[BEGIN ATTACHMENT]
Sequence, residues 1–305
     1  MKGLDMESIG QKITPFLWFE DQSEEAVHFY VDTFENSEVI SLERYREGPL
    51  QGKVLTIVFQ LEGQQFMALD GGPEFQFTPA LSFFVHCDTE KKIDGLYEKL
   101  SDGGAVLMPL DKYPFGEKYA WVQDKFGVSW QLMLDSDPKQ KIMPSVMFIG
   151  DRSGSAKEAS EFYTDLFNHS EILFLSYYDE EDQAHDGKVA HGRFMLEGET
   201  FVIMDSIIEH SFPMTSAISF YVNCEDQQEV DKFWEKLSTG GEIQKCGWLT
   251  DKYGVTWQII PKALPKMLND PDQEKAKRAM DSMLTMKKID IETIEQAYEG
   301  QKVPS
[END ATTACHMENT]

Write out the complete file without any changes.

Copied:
Sequence, residues 1–305
     1  MKGLDMESIG QKITPFLWFE DQSEEAVHFY VDTFENSEVI SLERYREGPL
    51  QGKVLTIVFQ LEGQQFMALD GGPEFQFTPA LSFFVHCDTE KKIDGLYEKL
   101  SDGGAVLMPL DKYPFGEKYA WVQDKFGVSW QLMLDSDPKQ KIMPSVMFIG
   151  DRSGSAKEAS EFYTDLFNHS EILFLSYYDE EDQAHDGKVA HGRFMLEGET
   201  FVIMDSIIEH SFPMTSAISF YVNCEDQQEV DKFWEKLSTG GEIQKCGWLT
   251  DKYGVTWQII PKALPKMLND PDQEKAKRAM DSMLTMKKID IETIEQAYEG
   301  QKVPS